Every year Scottish university principals and senior lay and academic representatives have held a residential meeting at The Burn, a country house sited in spectacular scenery beside a salmon river.
But this year, the annual conference of the Committee of Scottish University Principals has transmogrified into the first annual forum of the Committee of Scottish Higher Education Principals, held in the equally splendid but less bucolic surroundings of the Royal Society of Edinburgh.
The decision is a pragmatic one: with the advent of the new universities, The Burn had difficulty in accommodating four representatives from each of 13 institutions. But it is also significant that today's forum embraces all of Scotland's 21 higher education institutions rather than continuing as an exclusive university event.
England's key lobby organisation is the Committee of Vice Chancellors and Principals, representing only universities, and it is questionable even its revamped form how equal its members are. But it is COSHEP, representing every Scottish principal, which has emerged as the point of contact for political, industrial and educational interests in Scotland. An English COSHEP would be an impossibility because of sheer numbers and geographical spread. In Scotland, it is easy for all the institutional heads to meet in one place. But the transition to a unitary system has also been helped by the different ethos of Scottish higher education.
Even before the legislation abolishing the binary divide, while English heads were eying one another with suspicion, CSUP had invited the new university principals-designate to join it. There was less of a difference between the traditional universities and the centrally-funded colleges. While the English polytechnics dramatically expanded their subject base and intakes, the Scottish Office Education Department ensured its institutions stuck to their historic, largely monotechnic thrust.
Heads of institutions did not have the same level of marketing and managerial thrust as their English counterparts, and the absence of their own funding council made competitiveness less overt, and diversity of mission more acceptable.
For the foreseeable future, CSUP and the Conference of Scottish Centrally Funded Colleges will survive separately to discuss specific issues such as pay and pensions, but both committees are serviced by the COSHEP secretariat. Although COSHEP has so far been chaired by principals from traditional universities (initially Michael Hamlin, former principal of Dundee, and now John Arbuthnott from Strathclyde), it appears that all its members have an equal voice.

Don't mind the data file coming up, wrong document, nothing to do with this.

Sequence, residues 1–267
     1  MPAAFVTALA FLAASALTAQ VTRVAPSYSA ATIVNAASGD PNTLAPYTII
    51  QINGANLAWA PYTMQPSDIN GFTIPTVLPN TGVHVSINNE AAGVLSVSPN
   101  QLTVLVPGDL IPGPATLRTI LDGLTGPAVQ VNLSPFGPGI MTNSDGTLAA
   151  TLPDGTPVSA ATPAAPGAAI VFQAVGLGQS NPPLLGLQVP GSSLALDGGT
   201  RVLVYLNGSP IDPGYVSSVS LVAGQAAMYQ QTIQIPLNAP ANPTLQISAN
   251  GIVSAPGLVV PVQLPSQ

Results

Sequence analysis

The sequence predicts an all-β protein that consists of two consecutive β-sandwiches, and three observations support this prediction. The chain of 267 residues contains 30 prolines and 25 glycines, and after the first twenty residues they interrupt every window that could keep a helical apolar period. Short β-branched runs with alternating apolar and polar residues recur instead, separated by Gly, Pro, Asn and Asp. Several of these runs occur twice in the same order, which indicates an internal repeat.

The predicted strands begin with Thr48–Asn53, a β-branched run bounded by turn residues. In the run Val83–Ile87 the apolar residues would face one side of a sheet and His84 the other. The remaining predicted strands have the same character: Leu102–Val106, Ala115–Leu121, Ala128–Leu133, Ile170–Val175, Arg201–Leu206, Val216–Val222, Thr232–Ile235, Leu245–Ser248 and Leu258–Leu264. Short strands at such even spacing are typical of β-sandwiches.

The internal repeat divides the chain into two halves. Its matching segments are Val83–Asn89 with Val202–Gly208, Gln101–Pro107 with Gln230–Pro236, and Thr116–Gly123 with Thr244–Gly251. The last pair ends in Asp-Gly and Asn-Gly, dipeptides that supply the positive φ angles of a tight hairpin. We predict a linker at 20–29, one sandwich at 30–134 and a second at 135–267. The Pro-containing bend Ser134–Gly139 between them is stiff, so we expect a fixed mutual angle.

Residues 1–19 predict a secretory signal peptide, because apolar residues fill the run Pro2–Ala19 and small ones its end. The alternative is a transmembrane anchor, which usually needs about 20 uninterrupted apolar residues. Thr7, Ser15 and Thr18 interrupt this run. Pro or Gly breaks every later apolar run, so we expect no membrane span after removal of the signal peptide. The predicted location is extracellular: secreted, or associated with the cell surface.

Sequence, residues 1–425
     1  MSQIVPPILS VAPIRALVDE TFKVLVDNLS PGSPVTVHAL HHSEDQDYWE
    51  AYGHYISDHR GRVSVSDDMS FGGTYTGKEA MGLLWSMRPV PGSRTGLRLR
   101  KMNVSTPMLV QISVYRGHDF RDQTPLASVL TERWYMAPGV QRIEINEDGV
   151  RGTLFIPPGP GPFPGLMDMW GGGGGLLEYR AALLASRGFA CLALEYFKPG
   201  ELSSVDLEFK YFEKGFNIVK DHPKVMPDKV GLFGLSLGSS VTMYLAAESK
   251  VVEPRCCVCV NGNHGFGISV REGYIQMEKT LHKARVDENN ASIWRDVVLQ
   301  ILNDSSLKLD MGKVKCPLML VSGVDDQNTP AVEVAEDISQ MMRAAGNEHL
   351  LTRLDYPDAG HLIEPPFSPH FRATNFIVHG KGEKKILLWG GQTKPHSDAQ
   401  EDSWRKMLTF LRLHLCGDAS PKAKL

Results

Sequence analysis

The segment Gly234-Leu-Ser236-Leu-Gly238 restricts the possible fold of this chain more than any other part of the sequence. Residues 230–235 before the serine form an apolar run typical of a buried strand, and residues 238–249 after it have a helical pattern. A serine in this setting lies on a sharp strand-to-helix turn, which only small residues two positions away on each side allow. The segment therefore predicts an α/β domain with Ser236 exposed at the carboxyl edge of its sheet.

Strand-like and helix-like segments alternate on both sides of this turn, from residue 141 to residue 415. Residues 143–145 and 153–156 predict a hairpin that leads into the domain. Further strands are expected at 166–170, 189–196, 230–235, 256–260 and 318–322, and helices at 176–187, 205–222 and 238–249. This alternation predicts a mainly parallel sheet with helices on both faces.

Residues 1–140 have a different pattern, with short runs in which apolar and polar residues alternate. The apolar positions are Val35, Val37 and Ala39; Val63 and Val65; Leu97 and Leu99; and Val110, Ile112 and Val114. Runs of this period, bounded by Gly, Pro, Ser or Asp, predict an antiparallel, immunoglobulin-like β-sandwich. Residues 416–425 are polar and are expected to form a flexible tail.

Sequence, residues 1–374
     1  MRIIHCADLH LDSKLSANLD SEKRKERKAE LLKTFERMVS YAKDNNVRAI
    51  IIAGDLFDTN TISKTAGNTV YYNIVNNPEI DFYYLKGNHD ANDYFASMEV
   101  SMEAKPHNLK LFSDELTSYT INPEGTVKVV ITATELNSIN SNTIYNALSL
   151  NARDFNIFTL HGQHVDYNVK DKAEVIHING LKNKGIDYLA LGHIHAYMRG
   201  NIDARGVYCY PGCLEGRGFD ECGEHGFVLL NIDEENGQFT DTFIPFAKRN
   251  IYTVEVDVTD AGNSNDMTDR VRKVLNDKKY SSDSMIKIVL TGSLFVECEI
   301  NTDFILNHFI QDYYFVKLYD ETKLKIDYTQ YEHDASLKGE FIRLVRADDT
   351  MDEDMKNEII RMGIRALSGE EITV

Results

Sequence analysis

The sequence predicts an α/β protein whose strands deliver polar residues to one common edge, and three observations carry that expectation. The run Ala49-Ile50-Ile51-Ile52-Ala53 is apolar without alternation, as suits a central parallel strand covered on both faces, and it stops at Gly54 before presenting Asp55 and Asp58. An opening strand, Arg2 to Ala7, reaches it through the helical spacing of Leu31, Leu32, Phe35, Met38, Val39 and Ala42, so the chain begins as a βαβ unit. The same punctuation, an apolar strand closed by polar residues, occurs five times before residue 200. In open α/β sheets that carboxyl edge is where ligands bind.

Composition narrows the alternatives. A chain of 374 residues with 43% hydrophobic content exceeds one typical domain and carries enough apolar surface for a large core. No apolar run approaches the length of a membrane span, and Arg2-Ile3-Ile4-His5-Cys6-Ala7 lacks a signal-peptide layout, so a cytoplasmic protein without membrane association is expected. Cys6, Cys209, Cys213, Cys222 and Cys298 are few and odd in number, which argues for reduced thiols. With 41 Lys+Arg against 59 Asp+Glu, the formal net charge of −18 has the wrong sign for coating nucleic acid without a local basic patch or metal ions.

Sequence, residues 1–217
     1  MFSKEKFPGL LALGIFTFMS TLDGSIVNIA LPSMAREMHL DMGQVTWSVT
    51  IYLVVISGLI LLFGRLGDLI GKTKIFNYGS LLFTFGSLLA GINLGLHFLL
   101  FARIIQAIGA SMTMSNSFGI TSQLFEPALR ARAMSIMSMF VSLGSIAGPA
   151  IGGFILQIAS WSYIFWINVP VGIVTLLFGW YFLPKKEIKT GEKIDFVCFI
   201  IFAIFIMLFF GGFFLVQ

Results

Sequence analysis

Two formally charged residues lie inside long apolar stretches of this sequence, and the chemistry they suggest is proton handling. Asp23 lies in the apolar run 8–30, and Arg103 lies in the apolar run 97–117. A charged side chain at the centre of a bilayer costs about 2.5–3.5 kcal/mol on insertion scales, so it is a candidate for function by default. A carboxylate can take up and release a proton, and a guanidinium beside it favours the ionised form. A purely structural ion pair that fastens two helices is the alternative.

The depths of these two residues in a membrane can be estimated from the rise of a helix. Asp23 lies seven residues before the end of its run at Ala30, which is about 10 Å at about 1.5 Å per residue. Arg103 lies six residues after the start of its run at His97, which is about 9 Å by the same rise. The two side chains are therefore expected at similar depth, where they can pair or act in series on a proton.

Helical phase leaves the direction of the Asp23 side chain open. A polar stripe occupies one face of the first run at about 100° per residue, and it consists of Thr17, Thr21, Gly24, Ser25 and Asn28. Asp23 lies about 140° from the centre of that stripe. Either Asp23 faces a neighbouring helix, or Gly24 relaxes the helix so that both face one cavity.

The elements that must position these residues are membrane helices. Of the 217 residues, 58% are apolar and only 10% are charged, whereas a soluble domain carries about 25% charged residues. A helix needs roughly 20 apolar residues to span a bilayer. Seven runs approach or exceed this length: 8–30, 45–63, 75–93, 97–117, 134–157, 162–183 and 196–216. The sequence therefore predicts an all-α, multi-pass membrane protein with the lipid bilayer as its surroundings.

Bernard King, principal of the University of Abertay Dundee and chairman of CSCFC, says: "The two conveners have done superb jobs in trying to ensure that COSHEP represents the sector as a whole." John Sizer, chief executive of the Scottish Higher Education Funding Council, says: "I do not hear any complaints from the education colleges and art colleges that it is dominated by the big boys who are not interested in them."
SHEFC's corporate plan is brimming with references to discussions with COSHEP. It meets COSHEP every time it issues a consultation paper, and has an annual debate with all the members as well as routinely talking to the COSHEP executive.
"From my point of view, relations are excellent," Professor Sizer says. "We sit round the table rather than across the table."
He believes that COSHEP's existence has underpinned SHEFC's moves to encourage regional collaboration among institutions."My view is that you cannot force collaboration on institutions. It has to be bottom up. COSHEP has created a relationship of trust. We can go and talk to all the principals in a particular area without them feeling suspicious" A major success of regional collaboration is the Metropolitan Area Networks, or MANs, high-speed broad-band networks that will allow interractive multimedia links within and among higher education institutions by the autumn.
Professor Arbuthnott, who chairs the Joint Information Systems Committee developing networks throughout the United Kingdom, believes Scotland is well down the track of having the best higher education network in Europe.
"Information technology is an area in which I think Scotland is moving rapidly ahead of England. I think relations south of the border are much more competitive, and that impedes collaboration to some extent. There's a high degree of mutual respect among the Scottish principals, and it's possible for us to do business together," he says.
The principals also set great store by their institutions' economic and cultural links with the wider community. COSHEP is participating enthusiastically in a major inquiry into the commercialisation of the Scottish science base being carried out by the RSE and Scottish Enterprise.
Again, Scotland's size and structures have helped: Scottish Enterprise is a single umbrella body promoting economic development, and leading industrialists are active on academic governing bodies and in SHEFC.
"I think we will have a much better view of higher education's potential in relation to the Scottish economic plan, and that's not happening in England in any concerted way," Professor Arbuthnott says.
COSHEP is campaigning vociferously against continuing efficiency gains, lobbying politicians of all parties and stressing the impact of higher education on Scotland as a whole, and its status as a single body for the whole sector undoubtedly increases the impact of its message.
COSHEP has emerged as a cohesive group, because of a pragmatism which has so far eluded England. The institutions all have special qualities and all want to succeed, but realise that by banding together, they maximise their chances of success. "It is Scottish canniness," Professor Arbuthnott said.